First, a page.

Are you looking for a job?
Find the best offers on our website.
Almost half of all Belgians are willing to relocate to have a better commute to work. In Wallonia it’s as high as 71%. The reason? Commuting by car is extremely stressful. If companies want their employees to arrive at work rested, they should try to get them out of their private vehicles.
These are the conclusions of the European Transport and Commute Study by PageGroup (Michael Page, Page Personnel and Page Executive). The study addresses the commuting habits of professionals and the impact this has on their productivity and approach to work. More than 12,000 professionals in 10 different countries participated in the survey.
How many Europeans are willing to relocate for their work?
More than 44% of professionals are willing to move houses for their job, if that means they´ll avoid the stress of traffic jams and other cause of delays. Although there are huge differences between the regions. In Flanders only 28% of professionals view relocation as a real option, whereas in Brussels it´s more than double with 57%. Companies need to offer alternatives to make sure their employees arrive at work calm and energetic.
Private vs public: which mode of transport is more popular in Belgium?
One of the biggest causes of commuting stress is the car. Over 80% of professionals in Flanders take the car to work. In Wallonia it´s as high as 85%. Only in Brussels the public transport can really compete with commuting by car. There, 44% prefer to take the train, bus or metro. The difference in work-life balance between the two groups is significant: people who take public transport are far less stressed than those who decide to take their own vehicle.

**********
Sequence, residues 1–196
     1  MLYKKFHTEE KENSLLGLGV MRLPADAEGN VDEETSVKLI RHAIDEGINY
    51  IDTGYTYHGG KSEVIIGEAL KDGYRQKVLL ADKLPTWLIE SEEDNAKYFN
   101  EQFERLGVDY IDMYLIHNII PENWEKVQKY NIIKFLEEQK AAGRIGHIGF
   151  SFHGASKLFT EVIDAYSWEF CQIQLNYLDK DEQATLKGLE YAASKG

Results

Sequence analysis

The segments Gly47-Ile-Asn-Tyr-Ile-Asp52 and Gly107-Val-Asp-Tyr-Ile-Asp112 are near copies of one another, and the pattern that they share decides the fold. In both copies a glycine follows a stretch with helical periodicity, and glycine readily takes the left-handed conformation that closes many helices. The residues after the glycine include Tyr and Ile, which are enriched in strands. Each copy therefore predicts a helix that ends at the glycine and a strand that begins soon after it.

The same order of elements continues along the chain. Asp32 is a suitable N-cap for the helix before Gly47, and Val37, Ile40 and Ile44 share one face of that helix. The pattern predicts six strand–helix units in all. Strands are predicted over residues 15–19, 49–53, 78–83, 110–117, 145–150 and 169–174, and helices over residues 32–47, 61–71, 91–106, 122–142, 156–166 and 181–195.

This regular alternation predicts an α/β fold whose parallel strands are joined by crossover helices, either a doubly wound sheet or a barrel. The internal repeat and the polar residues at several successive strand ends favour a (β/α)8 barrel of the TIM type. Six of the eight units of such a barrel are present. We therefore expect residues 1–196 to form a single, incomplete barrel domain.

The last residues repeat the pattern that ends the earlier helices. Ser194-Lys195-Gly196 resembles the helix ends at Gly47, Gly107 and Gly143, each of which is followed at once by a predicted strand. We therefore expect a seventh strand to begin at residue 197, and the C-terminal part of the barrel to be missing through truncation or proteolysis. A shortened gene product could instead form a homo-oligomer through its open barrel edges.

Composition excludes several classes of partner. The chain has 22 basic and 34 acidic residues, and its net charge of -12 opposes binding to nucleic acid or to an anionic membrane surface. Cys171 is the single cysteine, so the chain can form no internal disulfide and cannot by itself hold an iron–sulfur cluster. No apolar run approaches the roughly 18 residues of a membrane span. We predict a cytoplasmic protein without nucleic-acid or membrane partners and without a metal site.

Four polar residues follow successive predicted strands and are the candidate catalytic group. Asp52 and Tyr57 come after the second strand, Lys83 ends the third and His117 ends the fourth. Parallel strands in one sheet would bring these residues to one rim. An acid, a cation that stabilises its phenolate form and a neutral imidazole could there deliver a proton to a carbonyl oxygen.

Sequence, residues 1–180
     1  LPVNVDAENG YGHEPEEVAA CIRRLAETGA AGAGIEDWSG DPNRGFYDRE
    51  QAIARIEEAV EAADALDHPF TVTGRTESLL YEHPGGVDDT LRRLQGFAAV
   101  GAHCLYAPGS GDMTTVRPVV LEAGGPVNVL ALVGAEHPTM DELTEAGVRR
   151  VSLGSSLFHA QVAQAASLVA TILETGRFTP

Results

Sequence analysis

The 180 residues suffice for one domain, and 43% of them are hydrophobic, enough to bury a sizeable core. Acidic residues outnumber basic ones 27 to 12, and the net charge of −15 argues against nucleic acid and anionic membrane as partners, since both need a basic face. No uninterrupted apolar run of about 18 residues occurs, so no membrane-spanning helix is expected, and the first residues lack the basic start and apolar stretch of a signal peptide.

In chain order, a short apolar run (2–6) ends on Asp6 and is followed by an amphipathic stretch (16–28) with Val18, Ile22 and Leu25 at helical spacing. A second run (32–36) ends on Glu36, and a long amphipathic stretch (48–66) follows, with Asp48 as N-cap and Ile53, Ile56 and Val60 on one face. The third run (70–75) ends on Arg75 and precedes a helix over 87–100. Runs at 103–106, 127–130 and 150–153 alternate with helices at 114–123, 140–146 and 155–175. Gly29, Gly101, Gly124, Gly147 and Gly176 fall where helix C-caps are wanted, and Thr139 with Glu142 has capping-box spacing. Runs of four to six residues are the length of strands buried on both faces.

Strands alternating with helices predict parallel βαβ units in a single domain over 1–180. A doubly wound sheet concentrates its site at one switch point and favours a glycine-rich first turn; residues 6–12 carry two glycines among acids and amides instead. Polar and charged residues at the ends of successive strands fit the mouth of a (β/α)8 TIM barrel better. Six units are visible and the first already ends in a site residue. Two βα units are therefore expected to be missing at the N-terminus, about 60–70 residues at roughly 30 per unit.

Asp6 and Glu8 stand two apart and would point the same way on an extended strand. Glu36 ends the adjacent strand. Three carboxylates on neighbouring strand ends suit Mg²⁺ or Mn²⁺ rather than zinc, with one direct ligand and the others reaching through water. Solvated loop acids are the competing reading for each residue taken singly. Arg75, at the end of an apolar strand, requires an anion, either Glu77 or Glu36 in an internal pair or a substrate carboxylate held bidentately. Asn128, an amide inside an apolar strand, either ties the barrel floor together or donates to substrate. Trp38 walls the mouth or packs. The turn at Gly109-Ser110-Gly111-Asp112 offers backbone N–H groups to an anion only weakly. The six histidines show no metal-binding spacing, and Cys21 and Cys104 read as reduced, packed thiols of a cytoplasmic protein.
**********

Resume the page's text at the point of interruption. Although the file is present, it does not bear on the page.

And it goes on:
Almost 40% of all the private vehicle owners find their trip to work far from relaxing. On the contrary: they arrive stressed at their workplace. That puts Belgium in 3rd place when it comes to most stressful countries to commute by car, right after Turkey and Italy.
How many Europeans arrive stressed at work taking the car?
Almost all car owners (95%) mention traffic jams as the biggest stress factor. Unexpected situations on the road, like maintenance work and accidents, come in second place with 63%.
One of the ways companies try to help their employees to arrive less stressed at work, is by promoting carpooling. The Belgian company GSK Bio organized a carpool system, after they found out that 25% of their personal was in favour of such a measure.
Promoting public transportation is another way companies can address the problem. There is for instance an existing arrangement, in which the federal government pays 20% of the annual train cards for employees. Similar arrangements exist for other means of public transportation.
There is good reason to do so. Although Belgium isn´t among the best scoring countries, when it comes to public transport, professionals who commute by train, bus or metro are in general very positive: 68% say it´s efficient. In Brussels it´s even as high as 76%. But what´s more important, the users of public transportations are less stressed: almost 80% say they arrive calm at work.
How many people arrive stressed at work taking public transport?
That being said, taking the bicycle is still the least stressful way of commute. More than 86% of all cyclists say they feel perfectly calm when they arrive at the office. According to Deceuninck, a Flemish company that encourages employees to take the bicycle, the economic impact cannot be underestimated. Not only are employees who take the bicycle more motivated, it also results in less absences through illness.
Companies that are seriously considering a commuting strategy for their employees, can find all the information they need at the ‘mobility points’, which can be found in every province. Promoting and subsiding alternative ways of transport is a small investment that will pay for itself in the long run in form of more healthy and rested employees.
Are you seeking for advice on these or other HR related challenges? Or do you have job opening? Contact us here.